Bede’s history identifies the most important kings of England’s Saxon world along with plenty of skulduggery, murder and back stabbing. Northumbria, Mercia and Wessex began to emerge from the melee as the dominant kingdoms. Unfortunately for the first two kingdoms on the list the Danes turned up. In 865 a major invasion occurred upsetting the see-saw of power between Northumbria, Mercia and Wessex.
Asser listed King Alfred’s ancestors back to Adam demonstrating that if you wanted to be a king of England you needed to be good in a fight (or know someone who was); have a genetic claim to the Crown and be able to demonstrate a link to a) mythical heroes, b) Biblical personages and saints or c) a god of some description. It’s interesting to note that the Cerdic line had moved its claim from Woden to the Garden of Eden. It’s also interesting to note that Henry Tudor used exactly the same techniques to assert his right to rule.
685-688 Caedwalla – ruled for three years, went to Rome was baptised and died. Written about extensively in Bede’s History.
688 – 726 Ine wrote the first surviving English legal code. Like his predecessor he went to Rome.
726-740 Æthelheard is supposed to have been Ine’s brother-in-law but there isn’t much in the way of evidence. His Cerdic claim was not something that ought to be examined too closely. His crown may have come about because of the support of the kingdom of Mercia reflecting that Wessex was still a little kingdom whilst Mercia had become much more politically significant.
740-756 Cuthred might have been Æthelheard’s brother but again history isn’t absolutely sure. Certainly the kingdom of Mercia was dominant during this period as Cuthred joined the Mercians fighting against the Welsh. In 745 Cuthred’s son attempted to depose him and there was a rebellion against him. In between all of that Cuthred fought off Mercian overlordship that had compelled him to go to war against the Welsh.
756-757 Sigeberht became king of an independent Wessex but was promptly deposed by Cynewulf who ruled until 786 when Sigeberht’s brother murdered Cynewulf in his turn.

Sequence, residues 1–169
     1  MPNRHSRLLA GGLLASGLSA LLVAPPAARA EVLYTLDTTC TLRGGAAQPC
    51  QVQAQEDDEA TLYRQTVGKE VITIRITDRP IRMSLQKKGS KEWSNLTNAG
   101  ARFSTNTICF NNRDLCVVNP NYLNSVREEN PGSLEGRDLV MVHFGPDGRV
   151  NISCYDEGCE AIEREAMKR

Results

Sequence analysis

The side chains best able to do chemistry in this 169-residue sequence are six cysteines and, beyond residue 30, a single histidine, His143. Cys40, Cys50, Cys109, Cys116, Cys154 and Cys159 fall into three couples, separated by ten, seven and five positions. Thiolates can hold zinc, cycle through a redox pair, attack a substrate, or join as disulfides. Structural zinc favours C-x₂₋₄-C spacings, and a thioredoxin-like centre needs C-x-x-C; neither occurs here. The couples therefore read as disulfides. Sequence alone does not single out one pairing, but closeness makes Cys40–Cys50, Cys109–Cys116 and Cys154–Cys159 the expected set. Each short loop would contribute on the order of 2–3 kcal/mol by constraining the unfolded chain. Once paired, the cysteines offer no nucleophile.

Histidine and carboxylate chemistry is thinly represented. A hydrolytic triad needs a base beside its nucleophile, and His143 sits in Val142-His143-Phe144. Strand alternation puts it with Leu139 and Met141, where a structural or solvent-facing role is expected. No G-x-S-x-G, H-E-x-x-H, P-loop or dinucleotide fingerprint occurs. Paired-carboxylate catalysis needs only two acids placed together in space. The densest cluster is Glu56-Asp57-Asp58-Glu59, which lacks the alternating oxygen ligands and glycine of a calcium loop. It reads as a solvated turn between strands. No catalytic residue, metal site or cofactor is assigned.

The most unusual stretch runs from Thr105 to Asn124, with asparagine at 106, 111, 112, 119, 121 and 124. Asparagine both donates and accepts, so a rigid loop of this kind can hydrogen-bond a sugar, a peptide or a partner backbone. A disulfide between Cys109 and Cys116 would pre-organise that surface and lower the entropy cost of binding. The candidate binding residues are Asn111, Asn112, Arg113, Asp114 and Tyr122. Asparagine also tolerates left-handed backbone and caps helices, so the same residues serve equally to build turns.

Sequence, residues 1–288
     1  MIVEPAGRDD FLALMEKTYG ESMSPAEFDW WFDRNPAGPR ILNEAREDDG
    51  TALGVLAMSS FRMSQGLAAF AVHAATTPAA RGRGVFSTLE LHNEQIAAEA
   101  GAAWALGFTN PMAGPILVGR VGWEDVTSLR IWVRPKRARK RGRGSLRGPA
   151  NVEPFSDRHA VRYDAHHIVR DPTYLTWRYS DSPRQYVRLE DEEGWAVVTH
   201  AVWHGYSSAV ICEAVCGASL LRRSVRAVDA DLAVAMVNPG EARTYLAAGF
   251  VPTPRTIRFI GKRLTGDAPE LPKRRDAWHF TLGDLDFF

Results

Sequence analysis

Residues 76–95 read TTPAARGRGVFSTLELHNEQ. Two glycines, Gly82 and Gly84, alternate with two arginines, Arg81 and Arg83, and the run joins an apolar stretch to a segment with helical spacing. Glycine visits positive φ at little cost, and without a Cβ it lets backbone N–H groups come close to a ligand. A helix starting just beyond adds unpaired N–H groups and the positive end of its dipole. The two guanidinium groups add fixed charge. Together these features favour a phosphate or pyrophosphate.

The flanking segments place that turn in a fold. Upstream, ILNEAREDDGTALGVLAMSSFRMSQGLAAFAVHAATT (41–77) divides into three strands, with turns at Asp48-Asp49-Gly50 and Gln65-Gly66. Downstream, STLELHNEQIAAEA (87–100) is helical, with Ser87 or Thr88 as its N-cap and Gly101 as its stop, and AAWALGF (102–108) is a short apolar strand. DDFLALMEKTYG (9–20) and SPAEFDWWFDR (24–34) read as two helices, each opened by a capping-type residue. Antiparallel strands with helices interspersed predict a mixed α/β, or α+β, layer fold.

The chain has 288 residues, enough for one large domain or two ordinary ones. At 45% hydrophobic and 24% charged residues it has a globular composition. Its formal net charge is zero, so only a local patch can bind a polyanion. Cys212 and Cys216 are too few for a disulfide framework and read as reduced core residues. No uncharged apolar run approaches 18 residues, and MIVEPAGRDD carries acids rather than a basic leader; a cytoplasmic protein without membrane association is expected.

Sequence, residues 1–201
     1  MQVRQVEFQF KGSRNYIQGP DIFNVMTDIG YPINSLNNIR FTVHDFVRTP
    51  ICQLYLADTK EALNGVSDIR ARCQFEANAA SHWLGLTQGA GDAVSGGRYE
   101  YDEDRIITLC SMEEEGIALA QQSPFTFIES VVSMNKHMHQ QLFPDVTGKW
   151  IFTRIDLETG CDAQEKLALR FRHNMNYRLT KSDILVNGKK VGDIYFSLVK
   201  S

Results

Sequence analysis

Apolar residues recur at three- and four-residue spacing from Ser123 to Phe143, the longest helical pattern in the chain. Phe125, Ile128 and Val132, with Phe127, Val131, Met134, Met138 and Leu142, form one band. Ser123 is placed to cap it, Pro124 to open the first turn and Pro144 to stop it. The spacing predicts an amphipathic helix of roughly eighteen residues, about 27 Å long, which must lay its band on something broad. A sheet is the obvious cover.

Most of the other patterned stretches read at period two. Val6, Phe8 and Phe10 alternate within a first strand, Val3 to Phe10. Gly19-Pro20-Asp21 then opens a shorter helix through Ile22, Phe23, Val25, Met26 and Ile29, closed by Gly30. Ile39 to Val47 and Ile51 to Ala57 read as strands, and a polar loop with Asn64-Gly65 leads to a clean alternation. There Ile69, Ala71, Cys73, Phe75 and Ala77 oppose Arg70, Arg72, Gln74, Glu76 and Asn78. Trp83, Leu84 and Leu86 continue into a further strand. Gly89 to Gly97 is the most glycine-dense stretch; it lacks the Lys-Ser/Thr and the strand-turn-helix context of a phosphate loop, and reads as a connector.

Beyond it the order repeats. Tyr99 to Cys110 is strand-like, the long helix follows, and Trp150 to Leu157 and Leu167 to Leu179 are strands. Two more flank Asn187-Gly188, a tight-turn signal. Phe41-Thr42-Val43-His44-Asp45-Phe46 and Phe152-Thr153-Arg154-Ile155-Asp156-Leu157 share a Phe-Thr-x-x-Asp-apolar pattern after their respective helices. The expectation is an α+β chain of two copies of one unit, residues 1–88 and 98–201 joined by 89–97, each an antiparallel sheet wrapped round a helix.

786-802 Beorhtric ruled Wessex.
786-802 Egbert became king. His father was king of Kent, a descendant of Ine’s brother so the Cerdic claim was back on the cv. The power struggle with Mercia continued, ultimately resulting in the defeat of Mercia followed by the king of Northumbria who submitted to Egbert at Dore (just outside Sheffield). Egbert had become Bretwalda. This was only temporary.
839-858 Æthelwulf was Egbert’s son. Æthelwulf had six children including a daughter Æthelswith who was married into Mercia as part of a political agreement between the two kingdoms. By this time the Danes were making their presence felt but he still felt able to go on pilgrimage to Rome. He was succeeded in turn by three of his sons; Æthelbald, Æthelbert and Æthelred (pictured at the start of the post.) The eldest of Æthelwulf’s sons died before his father.
Æthelred died in 871 and was succeeded by his brother Alfred who ruled until 899. Æthelred had sons but they were too young to rule which was an important factor at this time as the war between the Saxons of Wessex and various Vikings had not been settled by a Saxon victory at Ashdown. Alfred who had seen various battles was far more experienced in the art of warfare. The results of the warfare were inconclusive but gradually Alfred found himself losing territory to the Danes. He must have wondered whether he would eventually be driven into exile like his brother-in-law of Mercia. After all, he had started his campaign against the Vikings helping to defend Mercia and was now watching Wessex gradually shrinking.
In 878 the Viking army made a surprise attack in the middle of winter and if you believe such things Alfred found himself in Somerset contemplating his future and burning cakes. It looked as though Wessex had gone the way of Mercia and Northumbria. However disaster was averted and his descendants continued to rule in succession until 1016. Alfred, is of curse, the only English monarch to be afforded the title – The Great.
Brooke, Christopher. The Saxon and Norman Kings.